Now then…if you are still reading… no discussion about infiltration would be remotely complete without addressing the modern security guard a.k.a the much feared video surveillance camera.
Let’s face it, for the most part, cameras are not subtle. In fact, the majority of cameras are not designed to catch true criminals, who can easily spot cameras and work around them, but to intimidate ordinary people into being on their best behavior. To a certain extent then, cameras exist not to monitor, but to create an impression of monitoring.
Covert cameras are, on the other hand, the other thing to worry about. Whereas non-covert cameras exist largely to intimidate and create fear, covert cameras are truly designed to gather images and information which Urbexers would prefer to keep to themselves.
Over the last 10 years, security camera systems have fallen drastically in price while increasing in popularity. Typical now are high-resolution, full-color systems, that function with cameras that fit in the palm of one’s hand.
Either way, it is quite rare for normal institutions to have more than one person watching its closed-circuit televisions at any one time. In many situations, no-one is even assigned to watch the monitors; employers view it as a waste of manpower and employees view it as a tremendously mind-numbing chore. This means that if you were indeed spotted by a camera, it is very possible you were still NOT spotted by a real person, susceptible of raising an alarm.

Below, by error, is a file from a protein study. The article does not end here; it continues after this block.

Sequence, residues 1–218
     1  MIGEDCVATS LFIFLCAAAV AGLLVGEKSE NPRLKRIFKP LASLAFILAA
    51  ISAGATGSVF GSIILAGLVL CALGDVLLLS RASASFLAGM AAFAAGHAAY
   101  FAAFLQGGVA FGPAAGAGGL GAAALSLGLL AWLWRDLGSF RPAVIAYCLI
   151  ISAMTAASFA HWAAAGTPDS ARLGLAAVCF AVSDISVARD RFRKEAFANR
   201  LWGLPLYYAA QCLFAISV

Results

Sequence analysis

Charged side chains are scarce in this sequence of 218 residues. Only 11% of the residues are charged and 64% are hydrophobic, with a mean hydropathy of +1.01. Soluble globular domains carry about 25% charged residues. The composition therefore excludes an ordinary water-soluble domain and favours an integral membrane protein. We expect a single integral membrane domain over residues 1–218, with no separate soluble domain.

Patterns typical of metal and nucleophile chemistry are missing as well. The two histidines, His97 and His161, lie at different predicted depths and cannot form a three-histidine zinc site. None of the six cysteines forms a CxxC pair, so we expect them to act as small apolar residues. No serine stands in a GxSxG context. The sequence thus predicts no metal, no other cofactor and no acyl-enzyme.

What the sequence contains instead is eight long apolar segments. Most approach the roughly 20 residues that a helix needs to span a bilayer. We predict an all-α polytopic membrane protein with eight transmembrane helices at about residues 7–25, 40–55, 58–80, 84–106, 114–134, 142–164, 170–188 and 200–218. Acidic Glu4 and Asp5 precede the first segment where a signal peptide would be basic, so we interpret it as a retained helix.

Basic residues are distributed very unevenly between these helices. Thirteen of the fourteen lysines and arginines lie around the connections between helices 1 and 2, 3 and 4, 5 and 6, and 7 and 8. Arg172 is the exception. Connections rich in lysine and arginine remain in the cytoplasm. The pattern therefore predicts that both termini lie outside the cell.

But when these cameras are coupled with a movement detector, it all becomes much more complicated, which brings us to our next subject…guards.
Obviously, the higher profile a site is, the more likely you are to run into an armed or unarmed guard (who sometimes has a non-lethal option).
The good news, for regular Urbexers, is that, in the grand scheme of the economic and business world, abandoned and decrepit buildings aren’t high profile. If they were high profile, the police would typically be involved. Armed guards are meant to be a line-of defense for places like banks or chemical facilities that have tangible something to steal (or attack).